“Dorchester Not for Sale formed because of PLAN: Glover’s Corner and it was because we all heard of the process and hadn’t been invited into it,” he recalled. “People spent multiple years devoted to that previous process talking about what we need. We only found out recently in an internal meeting they weren’t moving forward with that plan. We continue to see so much development and as plans for re-developing the neighborhood come in, what is the process here?”

Bing Broderick, a resident who lives near Glover’s Corner and is preparing to open Just Bookish in Fields Corner, said Squares + Streets shouldn’t move forward without more explanation.

“I didn’t know Glover’s Corner wasn’t moving forward and I live near there,” said Broderick during the meeting. “As we’re being introduced into a new process, there needs to be some closure because people spent a lot of time on Glover’s Corner. For trust and integrity, we need that before we move forward.”

Mayes and Zunkeler said they fully intend to bring that “tremendous amount of work” forward to inform Squares + Streets – as was confirmed by the BPDA statement this week.

They have been making the rounds with neighbors and organizations in Fields Corner as a preview of the ambitious zoning reform plan that will be piloted in there and in Codman Square.

“We’re just getting started in our pre-kickoff stage,” said Mayes. “Probably mid-May we’ll have our formal kickoff open house style.”

Last week, the project team for the Codman Square effort announced they will be having their formal kick-off on May 4 from 11 a.m. to 2 p.m. at the Great Hall in an open house format. The Fields Corner kickoff is expected shortly after that, and Zunkeler said both processes would run at the same time and would – at times – inform one another where applicable.

For Fields Corner, the BPDA will send out a mailer to the neighborhood and surrounding areas like Meetinghouse Hill and St. Marks.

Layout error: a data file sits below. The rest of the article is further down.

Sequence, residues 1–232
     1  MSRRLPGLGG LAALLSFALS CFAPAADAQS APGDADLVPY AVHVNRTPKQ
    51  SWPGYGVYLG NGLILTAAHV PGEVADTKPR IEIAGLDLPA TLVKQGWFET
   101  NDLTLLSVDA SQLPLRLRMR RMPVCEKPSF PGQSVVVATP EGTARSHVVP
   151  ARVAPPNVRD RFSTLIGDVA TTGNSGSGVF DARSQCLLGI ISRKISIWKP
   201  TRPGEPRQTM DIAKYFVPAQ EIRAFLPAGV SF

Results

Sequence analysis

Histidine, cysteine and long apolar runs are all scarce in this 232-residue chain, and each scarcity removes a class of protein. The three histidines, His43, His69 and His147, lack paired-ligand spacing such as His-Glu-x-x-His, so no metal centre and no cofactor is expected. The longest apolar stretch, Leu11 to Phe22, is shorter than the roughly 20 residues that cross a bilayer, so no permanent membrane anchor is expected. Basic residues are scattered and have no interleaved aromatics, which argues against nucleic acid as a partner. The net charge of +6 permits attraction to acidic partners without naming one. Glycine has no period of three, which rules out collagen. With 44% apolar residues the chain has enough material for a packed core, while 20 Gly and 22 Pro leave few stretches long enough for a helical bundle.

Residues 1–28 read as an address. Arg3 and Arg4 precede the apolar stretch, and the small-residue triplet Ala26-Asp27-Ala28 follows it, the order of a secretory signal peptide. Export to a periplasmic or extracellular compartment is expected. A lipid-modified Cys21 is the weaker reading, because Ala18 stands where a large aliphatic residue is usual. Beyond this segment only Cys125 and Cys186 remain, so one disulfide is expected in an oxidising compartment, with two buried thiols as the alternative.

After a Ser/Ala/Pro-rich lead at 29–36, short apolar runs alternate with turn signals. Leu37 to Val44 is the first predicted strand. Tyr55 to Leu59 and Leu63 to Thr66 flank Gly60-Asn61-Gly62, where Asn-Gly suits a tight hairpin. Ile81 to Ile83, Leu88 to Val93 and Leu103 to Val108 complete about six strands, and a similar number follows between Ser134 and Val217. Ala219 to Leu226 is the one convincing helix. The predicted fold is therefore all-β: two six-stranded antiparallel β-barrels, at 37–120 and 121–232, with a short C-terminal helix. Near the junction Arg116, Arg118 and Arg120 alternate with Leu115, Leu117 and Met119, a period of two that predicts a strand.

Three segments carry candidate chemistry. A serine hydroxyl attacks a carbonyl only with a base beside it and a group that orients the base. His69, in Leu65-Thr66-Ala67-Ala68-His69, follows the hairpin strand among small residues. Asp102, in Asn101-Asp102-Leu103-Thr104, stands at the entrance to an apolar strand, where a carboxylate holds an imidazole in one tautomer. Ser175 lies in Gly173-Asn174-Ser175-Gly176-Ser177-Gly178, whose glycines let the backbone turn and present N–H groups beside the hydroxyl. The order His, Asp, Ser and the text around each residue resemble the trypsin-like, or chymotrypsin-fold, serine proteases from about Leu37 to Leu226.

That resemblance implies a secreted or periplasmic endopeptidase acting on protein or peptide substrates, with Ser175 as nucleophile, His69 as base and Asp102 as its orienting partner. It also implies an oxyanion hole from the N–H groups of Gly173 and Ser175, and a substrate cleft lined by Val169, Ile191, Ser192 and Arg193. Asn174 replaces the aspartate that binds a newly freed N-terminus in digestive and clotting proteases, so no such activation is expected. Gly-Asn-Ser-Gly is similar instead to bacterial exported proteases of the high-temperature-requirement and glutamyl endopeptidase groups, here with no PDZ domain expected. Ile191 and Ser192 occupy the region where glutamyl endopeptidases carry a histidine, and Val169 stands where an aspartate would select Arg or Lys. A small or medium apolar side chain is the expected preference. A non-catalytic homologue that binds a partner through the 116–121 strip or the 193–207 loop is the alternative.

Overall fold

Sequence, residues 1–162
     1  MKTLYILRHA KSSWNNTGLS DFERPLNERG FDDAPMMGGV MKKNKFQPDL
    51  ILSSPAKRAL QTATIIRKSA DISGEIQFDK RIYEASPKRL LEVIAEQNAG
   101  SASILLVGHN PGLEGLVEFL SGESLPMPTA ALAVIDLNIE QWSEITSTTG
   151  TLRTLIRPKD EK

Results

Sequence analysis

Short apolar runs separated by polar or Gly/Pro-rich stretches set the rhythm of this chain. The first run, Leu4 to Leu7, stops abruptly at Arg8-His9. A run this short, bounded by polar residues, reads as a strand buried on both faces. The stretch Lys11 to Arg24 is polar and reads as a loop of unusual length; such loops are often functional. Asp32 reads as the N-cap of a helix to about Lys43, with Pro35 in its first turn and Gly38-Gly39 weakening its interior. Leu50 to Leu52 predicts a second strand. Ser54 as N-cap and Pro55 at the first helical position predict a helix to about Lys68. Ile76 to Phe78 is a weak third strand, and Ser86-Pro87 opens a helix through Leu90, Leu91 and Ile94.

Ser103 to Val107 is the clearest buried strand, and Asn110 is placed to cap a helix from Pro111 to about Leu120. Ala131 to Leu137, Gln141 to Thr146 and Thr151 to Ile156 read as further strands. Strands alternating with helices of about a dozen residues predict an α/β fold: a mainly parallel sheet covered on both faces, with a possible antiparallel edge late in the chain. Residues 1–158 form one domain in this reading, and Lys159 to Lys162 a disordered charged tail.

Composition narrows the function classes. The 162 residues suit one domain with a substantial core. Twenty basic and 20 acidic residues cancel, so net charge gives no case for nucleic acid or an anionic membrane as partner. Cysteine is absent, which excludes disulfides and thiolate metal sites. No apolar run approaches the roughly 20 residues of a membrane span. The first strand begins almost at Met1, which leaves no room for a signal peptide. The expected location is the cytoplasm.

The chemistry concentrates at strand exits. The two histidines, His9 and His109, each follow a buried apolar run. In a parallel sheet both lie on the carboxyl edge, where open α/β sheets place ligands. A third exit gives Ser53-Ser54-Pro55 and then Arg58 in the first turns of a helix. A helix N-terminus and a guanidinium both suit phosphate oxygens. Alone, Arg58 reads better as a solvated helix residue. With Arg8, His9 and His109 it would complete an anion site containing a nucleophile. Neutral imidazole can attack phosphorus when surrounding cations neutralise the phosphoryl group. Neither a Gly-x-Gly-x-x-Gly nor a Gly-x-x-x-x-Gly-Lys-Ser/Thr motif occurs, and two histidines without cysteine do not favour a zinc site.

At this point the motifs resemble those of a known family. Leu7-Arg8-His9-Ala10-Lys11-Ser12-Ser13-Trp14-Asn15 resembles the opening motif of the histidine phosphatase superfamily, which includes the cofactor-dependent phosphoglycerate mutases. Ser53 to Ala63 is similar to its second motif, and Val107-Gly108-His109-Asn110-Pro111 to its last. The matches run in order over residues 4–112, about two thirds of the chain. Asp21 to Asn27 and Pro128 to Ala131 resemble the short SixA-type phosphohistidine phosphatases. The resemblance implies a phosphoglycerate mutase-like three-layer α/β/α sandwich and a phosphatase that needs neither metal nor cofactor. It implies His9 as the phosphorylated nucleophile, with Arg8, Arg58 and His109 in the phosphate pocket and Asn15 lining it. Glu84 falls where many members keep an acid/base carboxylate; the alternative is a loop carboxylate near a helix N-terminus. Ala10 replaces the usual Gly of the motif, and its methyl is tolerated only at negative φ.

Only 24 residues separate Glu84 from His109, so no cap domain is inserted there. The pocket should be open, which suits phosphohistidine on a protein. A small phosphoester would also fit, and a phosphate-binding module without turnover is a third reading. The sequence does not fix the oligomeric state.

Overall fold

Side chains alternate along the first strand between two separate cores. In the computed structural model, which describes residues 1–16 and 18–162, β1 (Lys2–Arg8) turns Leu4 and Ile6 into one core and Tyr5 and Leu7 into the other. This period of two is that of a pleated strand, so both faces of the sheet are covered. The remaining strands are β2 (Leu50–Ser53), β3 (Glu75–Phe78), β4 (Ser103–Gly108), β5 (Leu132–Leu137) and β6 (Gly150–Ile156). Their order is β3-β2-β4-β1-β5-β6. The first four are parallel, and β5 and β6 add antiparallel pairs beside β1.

One emerging area of interest for Fields Corner specifically is resiliency – most especially flooding. With Morrissey Boulevard taken out last week by a storm, and other side streets experiencing flooding, Fields Corner was largely gridlocked for several hours. That led to businesses not being able to open, residents not being able to get to work, and children not being able to get to school.

“I think planning for flooding and resilience is going to be a big part of this process,” said Jackey West-Devine, president of Fields Corner Main Streets.

One clarification offered by the project managers is that a parking study initiated last year to look at installing parking meters in the Fields Corner business district will be wrapped into the Squares + Streets process.

The overall Squares + Streets effort has been defined since its announcement as being efficient and fast, with the Fields Corner plan slated to be refined and adopted within nine months, or by the end of 2024.

There won’t be much wiggle room to that, Zunkeler said, as the usual slowness of Boston’s planning efforts – such as Glover’s Corner – is not conducive to producing more housing. “We do want to stick to that timeframe,” he said.